The head of Meta-owned WhatsApp says it would rather be blocked in the United Kingdom than abide by a proposed new law requiring the app to weaken its security.
The UK’s pending Online Safety Bill could require the messaging apps and social media companies to drop end-to-end encryption and scan messages to spy and remove child-abuse material.
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However, Will Cathcart said any such move would have privacy ramifications for all users in the UK and thus is refusing to countenance such a change. If required to under UK law, WhatsApp would not compromise its principals and accept it could no longer operate in the UK.
“Our users all around the world want security – 98% of our users are outside the UK, they do not want us to lower the security of the product,” he said. And the app would rather accept being blocked in the UK,” Cathcart said (via BBC). “We’ve recently been blocked in Iran, for example. We’ve never seen a liberal democracy do that.”
The vow from WhatsApp comes after rival app Signal’s claim it would “absolutely, 100% walk” out on the UK should the Online Safety Bill become law. Cathcart says the requirements would be unbefitting of a liberal democracy. He thinks the UK adopting such measures would set a bad example to other, more authoritatian nations around the world.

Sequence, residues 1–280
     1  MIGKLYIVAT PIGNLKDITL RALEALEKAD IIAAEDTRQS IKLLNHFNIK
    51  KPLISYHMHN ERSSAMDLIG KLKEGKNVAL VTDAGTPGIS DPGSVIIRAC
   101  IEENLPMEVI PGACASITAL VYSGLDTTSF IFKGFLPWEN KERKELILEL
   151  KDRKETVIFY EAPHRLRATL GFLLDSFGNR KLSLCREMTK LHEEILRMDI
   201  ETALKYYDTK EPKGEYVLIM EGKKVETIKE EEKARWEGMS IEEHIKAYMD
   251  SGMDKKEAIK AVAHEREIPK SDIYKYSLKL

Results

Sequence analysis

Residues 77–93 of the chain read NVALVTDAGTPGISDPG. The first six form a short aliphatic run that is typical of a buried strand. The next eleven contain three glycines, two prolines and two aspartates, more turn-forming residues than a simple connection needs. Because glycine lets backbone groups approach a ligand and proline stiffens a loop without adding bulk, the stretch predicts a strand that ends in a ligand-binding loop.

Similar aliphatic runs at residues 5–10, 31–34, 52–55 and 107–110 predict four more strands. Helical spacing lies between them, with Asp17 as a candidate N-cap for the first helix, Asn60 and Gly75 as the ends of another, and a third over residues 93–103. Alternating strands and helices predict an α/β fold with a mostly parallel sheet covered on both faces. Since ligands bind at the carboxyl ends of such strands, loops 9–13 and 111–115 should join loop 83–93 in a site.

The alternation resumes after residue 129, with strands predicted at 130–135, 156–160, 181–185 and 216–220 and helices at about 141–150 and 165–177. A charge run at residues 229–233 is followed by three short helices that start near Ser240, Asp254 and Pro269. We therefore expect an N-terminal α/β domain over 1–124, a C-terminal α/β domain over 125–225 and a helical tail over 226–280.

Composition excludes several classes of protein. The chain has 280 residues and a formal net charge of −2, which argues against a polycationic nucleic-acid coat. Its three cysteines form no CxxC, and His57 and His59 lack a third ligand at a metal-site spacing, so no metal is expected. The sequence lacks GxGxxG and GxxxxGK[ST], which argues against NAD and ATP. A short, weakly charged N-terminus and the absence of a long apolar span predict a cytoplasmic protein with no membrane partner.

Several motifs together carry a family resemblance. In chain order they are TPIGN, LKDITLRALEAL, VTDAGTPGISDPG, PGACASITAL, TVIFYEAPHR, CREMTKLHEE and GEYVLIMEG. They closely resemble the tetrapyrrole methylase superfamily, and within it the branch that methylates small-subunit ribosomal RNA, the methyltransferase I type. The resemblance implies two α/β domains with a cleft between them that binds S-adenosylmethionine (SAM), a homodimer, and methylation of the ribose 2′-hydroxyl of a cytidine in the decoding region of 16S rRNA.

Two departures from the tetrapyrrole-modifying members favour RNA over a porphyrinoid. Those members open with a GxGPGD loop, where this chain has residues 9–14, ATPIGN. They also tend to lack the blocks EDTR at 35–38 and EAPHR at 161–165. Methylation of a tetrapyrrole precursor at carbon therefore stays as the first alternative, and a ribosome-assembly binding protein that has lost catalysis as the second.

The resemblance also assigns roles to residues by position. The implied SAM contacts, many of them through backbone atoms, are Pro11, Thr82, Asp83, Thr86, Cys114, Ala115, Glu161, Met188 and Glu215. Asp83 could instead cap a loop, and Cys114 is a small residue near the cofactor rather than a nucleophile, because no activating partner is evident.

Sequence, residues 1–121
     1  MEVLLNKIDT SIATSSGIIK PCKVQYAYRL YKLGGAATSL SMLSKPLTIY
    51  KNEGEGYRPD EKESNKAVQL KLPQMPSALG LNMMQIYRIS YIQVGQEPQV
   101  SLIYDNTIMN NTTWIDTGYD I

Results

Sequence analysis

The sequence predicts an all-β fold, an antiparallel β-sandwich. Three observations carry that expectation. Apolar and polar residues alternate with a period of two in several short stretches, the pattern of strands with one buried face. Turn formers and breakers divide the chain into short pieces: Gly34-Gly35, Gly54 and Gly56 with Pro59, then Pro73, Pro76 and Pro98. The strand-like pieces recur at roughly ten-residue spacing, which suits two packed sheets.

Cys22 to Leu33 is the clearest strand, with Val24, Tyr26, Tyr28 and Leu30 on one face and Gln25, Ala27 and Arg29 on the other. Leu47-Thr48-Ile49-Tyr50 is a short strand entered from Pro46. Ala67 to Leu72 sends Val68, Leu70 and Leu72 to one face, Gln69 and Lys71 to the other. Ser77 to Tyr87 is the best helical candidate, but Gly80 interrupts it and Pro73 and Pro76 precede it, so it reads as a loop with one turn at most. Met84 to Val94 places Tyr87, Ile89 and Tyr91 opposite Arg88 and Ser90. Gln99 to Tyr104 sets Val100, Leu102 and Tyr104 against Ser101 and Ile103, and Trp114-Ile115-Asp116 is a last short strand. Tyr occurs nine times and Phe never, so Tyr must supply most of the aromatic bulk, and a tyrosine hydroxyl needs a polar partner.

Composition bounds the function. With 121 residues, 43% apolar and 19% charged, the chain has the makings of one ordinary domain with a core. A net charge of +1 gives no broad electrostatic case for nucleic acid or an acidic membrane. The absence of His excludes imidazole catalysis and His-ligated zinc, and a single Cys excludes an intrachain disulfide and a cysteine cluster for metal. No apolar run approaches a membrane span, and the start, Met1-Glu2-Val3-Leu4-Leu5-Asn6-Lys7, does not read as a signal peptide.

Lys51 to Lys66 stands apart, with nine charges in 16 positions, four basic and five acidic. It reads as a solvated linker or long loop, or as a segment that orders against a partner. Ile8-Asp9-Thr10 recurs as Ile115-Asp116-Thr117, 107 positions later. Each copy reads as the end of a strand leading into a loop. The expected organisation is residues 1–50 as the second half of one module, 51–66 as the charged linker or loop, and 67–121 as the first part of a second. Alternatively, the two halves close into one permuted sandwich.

“We won’t lower the security of WhatsApp. We have never done that – and we have accepted being blocked in other parts of the world,” he added.
“When a liberal democracy says, ‘Is it OK to scan everyone’s private communication for illegal content?’ that emboldens countries around the world that have very different definitions of illegal content to propose the same thing.”
The battle between safety for the vulnerable and security for the masses doesn’t have a perfect answer, but one needs to be found.